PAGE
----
Although virtually every one of the bill's supporters acknowledged that these amendment "watered down" the bill, almost all of the bills proponents still support the bill as a "step in the right direction."

Those amendments were personally rammed onto the bill by Yukimura who, during an uncharacteristic, often contentious and anger-tinged, hours-long "tour-de-force," managed to foist them on the other three "yes-vote" councilmembers because without her and Nakamura's "yes" votes the bill would have only had the three votes- Hooser's, Bynum's and Furfaro's.

Kagawa, based on prior statements and actions, was at the time not expected to support the bill but, apparently at the last minute, he decided to vote against deferral and for the bill. The other Councilmember, Mel Rapozo, voted against the bill as he had indicated he probably would ever since the bill was introduced.

Kagawa and Rapozo were the ones who approached the Kaua`i legislative contingent to ask them to ask the governor for the "voluntary disclosure" measure.

The second irony is that much of the content of the Nakamura/Yukimura amendments was cited by Carvalho in his veto message as being the very provisions that were "legally deficient" and the reasons for his override.

In essence, Nakamura had set up the bill for veto by crafting and introducing the measures that her future boss would use as a reason to veto the bill.

PNN plans on filing an open record UIPA request for Tokioka's texts.

Thursday's meeting is expected to be a long one with public testimony by both the bill's proponents and the chemical company employees and their families and friends taking one more day off to be there and speak. Although each is actually permitted by law to speak for a total of six minutes Chair Furfaro has limited testimony to three minutes throughout the process.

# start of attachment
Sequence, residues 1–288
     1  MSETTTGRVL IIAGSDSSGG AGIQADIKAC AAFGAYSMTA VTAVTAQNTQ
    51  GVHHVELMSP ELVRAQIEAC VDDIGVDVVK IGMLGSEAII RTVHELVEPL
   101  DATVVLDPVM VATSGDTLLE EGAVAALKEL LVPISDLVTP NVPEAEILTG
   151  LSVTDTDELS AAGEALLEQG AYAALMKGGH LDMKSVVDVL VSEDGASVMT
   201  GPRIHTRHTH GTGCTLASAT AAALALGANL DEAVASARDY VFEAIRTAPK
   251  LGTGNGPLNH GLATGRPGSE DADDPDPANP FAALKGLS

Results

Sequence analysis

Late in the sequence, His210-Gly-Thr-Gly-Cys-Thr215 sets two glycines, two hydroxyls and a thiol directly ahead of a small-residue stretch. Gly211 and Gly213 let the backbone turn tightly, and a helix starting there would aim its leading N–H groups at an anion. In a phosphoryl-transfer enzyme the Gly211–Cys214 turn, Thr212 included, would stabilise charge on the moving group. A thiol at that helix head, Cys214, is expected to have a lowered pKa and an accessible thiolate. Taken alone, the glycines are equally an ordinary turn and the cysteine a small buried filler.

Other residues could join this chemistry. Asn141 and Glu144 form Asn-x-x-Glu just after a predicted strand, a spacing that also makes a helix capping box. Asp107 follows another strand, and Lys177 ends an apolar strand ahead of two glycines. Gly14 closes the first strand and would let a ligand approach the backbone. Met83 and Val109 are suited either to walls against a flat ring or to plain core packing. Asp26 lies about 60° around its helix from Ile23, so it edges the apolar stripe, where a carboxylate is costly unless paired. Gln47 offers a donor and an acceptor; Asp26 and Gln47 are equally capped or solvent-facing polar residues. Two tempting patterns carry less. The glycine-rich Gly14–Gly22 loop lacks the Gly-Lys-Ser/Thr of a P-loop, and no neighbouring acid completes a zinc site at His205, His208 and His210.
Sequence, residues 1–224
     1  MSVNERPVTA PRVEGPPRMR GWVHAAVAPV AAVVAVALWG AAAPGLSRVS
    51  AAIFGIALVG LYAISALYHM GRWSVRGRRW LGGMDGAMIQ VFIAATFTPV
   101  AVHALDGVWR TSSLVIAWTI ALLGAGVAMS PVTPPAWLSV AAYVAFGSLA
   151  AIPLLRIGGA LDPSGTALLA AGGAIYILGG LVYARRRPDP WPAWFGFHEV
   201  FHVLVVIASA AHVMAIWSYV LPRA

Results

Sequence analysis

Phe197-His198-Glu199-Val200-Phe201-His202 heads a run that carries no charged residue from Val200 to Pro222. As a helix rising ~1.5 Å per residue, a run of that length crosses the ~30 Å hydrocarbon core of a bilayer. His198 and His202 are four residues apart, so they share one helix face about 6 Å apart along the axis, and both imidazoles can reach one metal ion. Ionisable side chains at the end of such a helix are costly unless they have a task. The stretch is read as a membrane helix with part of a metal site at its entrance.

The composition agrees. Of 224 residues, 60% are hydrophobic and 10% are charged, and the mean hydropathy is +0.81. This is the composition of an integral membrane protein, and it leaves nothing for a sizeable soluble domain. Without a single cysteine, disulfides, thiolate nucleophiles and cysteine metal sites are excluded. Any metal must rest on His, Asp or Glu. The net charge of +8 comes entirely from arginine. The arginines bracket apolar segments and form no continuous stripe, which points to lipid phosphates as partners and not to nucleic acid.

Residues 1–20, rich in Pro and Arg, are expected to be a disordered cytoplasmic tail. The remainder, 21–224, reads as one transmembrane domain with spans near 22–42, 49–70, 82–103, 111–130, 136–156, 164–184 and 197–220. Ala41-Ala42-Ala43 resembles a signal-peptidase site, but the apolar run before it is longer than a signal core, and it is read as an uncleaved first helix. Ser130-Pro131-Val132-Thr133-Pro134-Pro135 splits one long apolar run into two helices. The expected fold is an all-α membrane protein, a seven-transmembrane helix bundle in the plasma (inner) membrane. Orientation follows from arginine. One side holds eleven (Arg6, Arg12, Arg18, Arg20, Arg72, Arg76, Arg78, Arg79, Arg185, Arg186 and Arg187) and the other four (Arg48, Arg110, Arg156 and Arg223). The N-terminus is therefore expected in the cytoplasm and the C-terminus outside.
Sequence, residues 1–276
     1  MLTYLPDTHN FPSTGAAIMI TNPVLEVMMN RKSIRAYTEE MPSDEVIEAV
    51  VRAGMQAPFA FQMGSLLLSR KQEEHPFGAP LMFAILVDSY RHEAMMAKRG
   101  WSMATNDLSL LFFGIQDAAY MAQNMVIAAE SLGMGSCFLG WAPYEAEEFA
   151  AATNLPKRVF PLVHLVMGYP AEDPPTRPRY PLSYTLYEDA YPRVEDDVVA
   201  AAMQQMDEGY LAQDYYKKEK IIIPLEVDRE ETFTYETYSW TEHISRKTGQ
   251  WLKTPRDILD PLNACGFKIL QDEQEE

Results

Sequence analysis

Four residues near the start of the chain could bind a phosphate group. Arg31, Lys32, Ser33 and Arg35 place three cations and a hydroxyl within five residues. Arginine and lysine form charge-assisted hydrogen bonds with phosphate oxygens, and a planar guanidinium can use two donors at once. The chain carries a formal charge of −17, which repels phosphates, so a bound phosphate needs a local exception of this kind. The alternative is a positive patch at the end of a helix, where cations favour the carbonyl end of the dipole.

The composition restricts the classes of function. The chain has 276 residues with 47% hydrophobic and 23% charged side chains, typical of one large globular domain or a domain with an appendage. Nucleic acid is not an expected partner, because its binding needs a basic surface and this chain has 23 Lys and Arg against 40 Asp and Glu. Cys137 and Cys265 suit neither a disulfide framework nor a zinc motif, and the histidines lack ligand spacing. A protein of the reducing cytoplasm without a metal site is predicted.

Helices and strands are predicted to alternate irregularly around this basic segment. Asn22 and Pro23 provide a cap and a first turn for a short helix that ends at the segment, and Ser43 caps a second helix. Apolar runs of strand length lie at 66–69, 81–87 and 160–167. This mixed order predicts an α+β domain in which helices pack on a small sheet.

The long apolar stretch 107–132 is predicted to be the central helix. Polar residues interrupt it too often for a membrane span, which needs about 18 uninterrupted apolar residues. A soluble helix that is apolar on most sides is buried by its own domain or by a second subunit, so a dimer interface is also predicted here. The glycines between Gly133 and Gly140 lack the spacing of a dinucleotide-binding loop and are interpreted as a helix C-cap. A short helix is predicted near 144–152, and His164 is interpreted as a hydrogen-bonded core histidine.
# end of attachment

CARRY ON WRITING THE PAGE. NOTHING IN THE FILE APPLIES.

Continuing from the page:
Councilmembers have said that if the mayor's veto is not overridden they will introduce the bill again once a seventh member is appointed. Members of the community have also begun organizing a ballot initiative on the matter.

The county will be live streaming the meeting (at and we will be live blogging and providing commentary and discussion on Facebook starting at 9 a.m.

Saturday, October 26, 2013



While the threat to "real farms" by the Westside chemical companies has sucked up much of the oxygen in the debate over the future of agriculture on Kaua`i an arguably more insidious undermining is going on just above Larsen's beach on the Northeast side.

And, one of the chief facilitators of the theft of our agricultural legacies is about to be appointed as the Kauai representative to the all-powerful Board of Land and Natural Resources (BLNR) if we don't speak out right now and ask our state senators to reject his nomination.

Shawn Smith has been the point-person in charge of the Kahu’aina Plantation Agricultural Subdivision, a 357-acre parcel, which is zoned Agricultural and Conservation, yet has received subdivision approval for more than 80 luxury homes.

A "special session" of the legislature is scheduled for this coming Monday (Oct 28) and in addition to the main subject of marriage equality, many other matter will be taken up, including Smith's potential confirmation.

The BLNR is the "board" that oversees the Department of Land and Natural Resources. Suffice it to say they are the most powerful body in the state when it comes to land use, in a state that, along with county home rule, has another layer of centralized land-use power at the state level.

During Smith's lengthy tenure as General Manager of land developer Falko Partners- one of the biggest and most egregious of the developers luxury residential lots on agricultural lands on Kaua`i- he has shown a strong alignment with, and deep bias towards, the interests that seek to undermine the goals of Hawaii’s land use laws by converting prime agricultural land to residential use and creating rural sprawl, according to critics.

Fake farms like Kahu’aina Plantation and others are plain in their desire to subdivide agricultural lands for luxury mansions- an arguably illegal use of an Ag subdivision subdivision after the "Hokulia" ruling from Hawai`i Island, potentially barring such practices.

In 2003, Judge Ronald Ibarra halted construction of the $1 billion Hokulia project saying 1,550-acre Hōkūli‘a was a luxury-home development and not a farming venture. As part of its decision, the court stopped the county from issuing building permits to buyers, and enjoined developer Oceanside 1250 from providing utilities to the homes already under construction. The Falko Partners Kahu`aina is simply a mini "Hokulia."